“Do you favor the expansion of commercial gaming in the State of Maryland for the primary purpose of raising revenue for education to authorize video lottery operation licensees to operate ‘table games’ as defined by law; to increase from 15,000 to 16,500 the maximum number of video lottery terminals that may be operated in the State; and to increase from 5 to 6 the maximum number of video lottery operation licenses that may be awarded in the State and allow a video lottery facility to operate in Prince George’s County?”
Translation from PoliSpeak: Approve the building of a sixth casino while checking the box to expand table games in existing casinos.
Measure 7 is a disgraceful piece of political theater, complete with a garbled script even by lobbying standards, Hoover Dam torrents of money—$56 million plus— pouring into grateful media outlets, and facile message/counter-message strategies assaulting the airwaves like sonic armies deployed by the Bizarro World’s casino industry marketers.
What started as a simple and acceptable expansion of table gaming (roulette and cards, etc), Measure 7 morphed into a behemoth transporter of disingenuous promises—the notion that yet another casino in Prince George’s County would shower Maryland education with money, create scores of ongoing new jobs and add fuel to the sputtering economic engines of the State.
MGM Resorts—who has its sights set on building a super-casino in Potomac City near Washington D.C. has plunked down $20+ million promoting the Measure 7 plan championed by Governor O’Malley and Speaker of the House Mike Miller. Another $30 million From Penn National Gaming warns Marylanders that Measure 7 is not a sound economic plan but you only have to find out that they are protecting their own interests in Hollywood Casino in Charles Town, West Virginia while pretending to care for the economic health of Maryland. They pulled the same advertising anti-casino blitz in Ohio to protect their casino interests in Indiana.
Talk about stacking the deck!
With close to $290 million projected revenue from the percentage of gambling profits required by Maryland law to go toward education, the simple addition of another casino is easily made to look like a winner. The truth is not so simple—this would be money used to displace funds used in the education fund, not to add to it. The additional revenue would go elsewhere in the Maryland budget. It would be possible to legislate additional money to the education fund from casino dollars, but we’d like, as they say, to see it in writing.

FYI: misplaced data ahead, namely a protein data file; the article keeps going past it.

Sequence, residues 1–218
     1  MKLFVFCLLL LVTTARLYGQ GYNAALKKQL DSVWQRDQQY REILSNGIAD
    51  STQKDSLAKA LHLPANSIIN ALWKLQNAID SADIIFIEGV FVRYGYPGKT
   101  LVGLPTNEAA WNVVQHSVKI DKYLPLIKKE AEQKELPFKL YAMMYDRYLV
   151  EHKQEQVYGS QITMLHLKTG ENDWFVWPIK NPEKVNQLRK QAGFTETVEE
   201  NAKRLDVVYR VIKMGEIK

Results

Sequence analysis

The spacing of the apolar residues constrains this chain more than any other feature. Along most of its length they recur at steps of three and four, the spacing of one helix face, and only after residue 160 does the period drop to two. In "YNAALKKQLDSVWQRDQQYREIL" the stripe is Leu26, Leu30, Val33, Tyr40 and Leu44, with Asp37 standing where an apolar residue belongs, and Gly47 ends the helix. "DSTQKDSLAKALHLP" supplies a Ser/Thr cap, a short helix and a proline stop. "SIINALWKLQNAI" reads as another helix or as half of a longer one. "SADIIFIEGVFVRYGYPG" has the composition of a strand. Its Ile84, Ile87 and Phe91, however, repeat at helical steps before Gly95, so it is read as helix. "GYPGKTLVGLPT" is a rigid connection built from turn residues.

Maryland spending on education from state to county is determined by the Thornton Law (2002). Gambling revenue is not an addition to those funds—although it could be—rather, the revenue goes elsewhere through the General Fund to be used for other purposes not necessarily in the State’s best interest.
Five casinos were approved by referendum four years ago. Three are open. All well and good: the people spoke. But then the real games began: tax concessions to other Maryland casinos to offset lost revenue with the proposal of building of sixth casino, special summer sessions in the legislature, ad wars, and the truth get buried in deep-pocketed spin cycles.
It is unfortunate that the O’Malley administration attached the sixth casino to a referendum that would have probably sailed through the election—the expansion of table gaming. To his credit, the Governor O’Malley has invested in schools, but using “schools and job” as a “do the right thing” imperative is less than forthright.
We don’t have a problem with expanding into table games for existing Maryland casinos. We just don’t like to be railroaded into a completely different deal run remotely by out-of-state casino interests and in-state former aides to Gov. O’Malley and Baltimore County Executive Jim Smith, both hired by casino interest.
And finally, Measure 7 is a ‘fail’ as far as helping the state’s budget issues. Casinos will enjoy millions of dollars of special tax breaks that Maryland small businesses can not acquire, re-subsidize the horse-racing industry ($378 million), and could make Marylander taxpayers responsible for $300 million in transportation-related fees to the casinos.
Separate the two issues and let the people choose.
Vote NO on 7 and thank the gambling promoters for dropping $50 million into Maryland media. Show them how hard it is to draw to an inside straight.